‘Freecycling’ explored as alternative to dumping

Princeton Environmental Commission weighing participation in Web-based recycling.

By: David Campbell
   As the March 1 closure of Princeton Township’s recycling shed at the Princeton Shopping Center draws near, the Princeton Environmental Commission is taking a first look at an alternative method of online recycling that is proving that one person’s trash indeed can be another’s treasure.
   Call it the frugal person’s eBay. Or a virtual Dumpster dive. Or a trash pickup in cyberspace.
   The concept behind the Freecycle Network, a free online junk swap via e-mail lists and Internet postings, is a simple one:
   "It connects people who have things they need to discard with people who might be in need of those things," said commission member Wendy Kaczerski, who has asked the commission to consider the feasibility of a Freecycle forum for the Princeton-Trenton area.
   Unlike eBay, the online auction in which people sell to the highest bidder those odds and ends taking up space in their basements, garages and attics, Freecycle eschews the capitalistic for the altruistic and eco-friendly. The stuff you’ll find there is being given away for free, thereby kept from ending up at the curb on garbage day, or worse, in a landfill — a dirty word to freecyclers.
   The network was started in May by a nonprofit recycling group called RISE Inc. to help reduce waste in downtown Tucson, Ariz., and help protect the surrounding desert landscape from the proliferation of dumping, according to the freecycle.org Web site.
   Since then, the network has grown in leaps and bounds. At freecycle.org, you’ll find hyperlinks to groups from around the world, from Adelaide, Australia, to Bangalore, India, to Wichita, Kan. There’s a Central Jersey Freecycle group that has about 59 active members.
   Each local chapter is run through a Yahoo! Groups e-mail list by a local volunteer moderator. Some groups have Web pages with the latest postings. Currently there are Freecycle groups operating in about 197 towns and cities worldwide, according to freecycle.org.
   There are a few points of etiquette that participants should follow, the first being that everything posted must be free, legal and appropriate for all ages. Politics, Spam and money are verboten — two strikes and you’re out.
   Postings this week at the Central Jersey group’s site include a request by a first-time homebuyer in need of "a lot of furniture," including a dining room table with chairs, a refrigerator, curtains or full-length blinds, rugs, lamps "and anything else that you think I might be interested in."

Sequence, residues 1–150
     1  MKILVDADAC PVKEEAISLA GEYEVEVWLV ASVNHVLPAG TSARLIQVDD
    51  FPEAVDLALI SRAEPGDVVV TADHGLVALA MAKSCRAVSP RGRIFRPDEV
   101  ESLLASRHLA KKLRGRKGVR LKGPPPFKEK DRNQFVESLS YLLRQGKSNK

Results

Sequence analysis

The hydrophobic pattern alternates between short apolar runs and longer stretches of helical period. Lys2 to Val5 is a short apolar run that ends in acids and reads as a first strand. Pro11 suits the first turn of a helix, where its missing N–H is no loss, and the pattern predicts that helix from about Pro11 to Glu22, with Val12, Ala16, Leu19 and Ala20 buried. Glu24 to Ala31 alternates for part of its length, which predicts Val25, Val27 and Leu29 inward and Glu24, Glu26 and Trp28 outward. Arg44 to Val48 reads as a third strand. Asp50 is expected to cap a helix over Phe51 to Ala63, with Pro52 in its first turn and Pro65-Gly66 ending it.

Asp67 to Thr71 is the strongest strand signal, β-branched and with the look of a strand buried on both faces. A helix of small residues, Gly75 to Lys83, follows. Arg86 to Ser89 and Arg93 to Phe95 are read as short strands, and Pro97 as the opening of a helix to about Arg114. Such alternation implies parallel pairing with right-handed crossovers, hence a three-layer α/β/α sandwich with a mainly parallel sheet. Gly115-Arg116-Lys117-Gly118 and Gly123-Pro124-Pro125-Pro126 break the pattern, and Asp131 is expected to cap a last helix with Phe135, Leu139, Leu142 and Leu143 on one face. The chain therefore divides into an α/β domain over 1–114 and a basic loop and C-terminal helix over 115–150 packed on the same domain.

One person giving stuff away offered "a big ol’ console color TV that works fine." Someone else wanted to give away some medical equipment used in connection with knee surgery — "Some was used, some was never opened; all in great shape." Offerings included some crutches, a shower chair, a walker and a tub rail ("sturdy plastic; clamps on and off").
   Ms. Kaczerski, who brought the network to the environmental commission’s attention last week, said she learned of it on a visit this fall to Ithaca, N.Y., where there’s also a local online forum.
   She said she has contacted the moderator of the Central Jersey group, who moved to Oregon from Lawrence, to see if a more narrowly focused group for the Princeton-Trenton area is possible.
   The benefits locally would be threefold, Ms. Kaczerski told the commission: It would keep unwanted castoffs out of landfills, champion a social cause by serving people in need, and also would help build a sense of community, she said.
   Environmental commission Chairman David Breithaupt said he was favorable to Freecycle — which he said the commission could eventually decide to endorse and possibly promote — being explored further, especially in light of the commission’s successful computer-recycling day held last September.
   "It sounded to me like it’s a heck of a good alternative for not-for-profits, churches and senior-resource centers to get free equipment," Mr. Breithaupt said. "I would want to check it out further to make sure there were controls in place."
   Ms. Kaczerski will be conducting research into the Freecycle Network and reporting back to the commission in the coming months.
   "I think it would be great if this were to become a community service taken on by a high school or college environmental group," she said. "I think the real trick is getting the word out and letting people know it’s there and it’s free."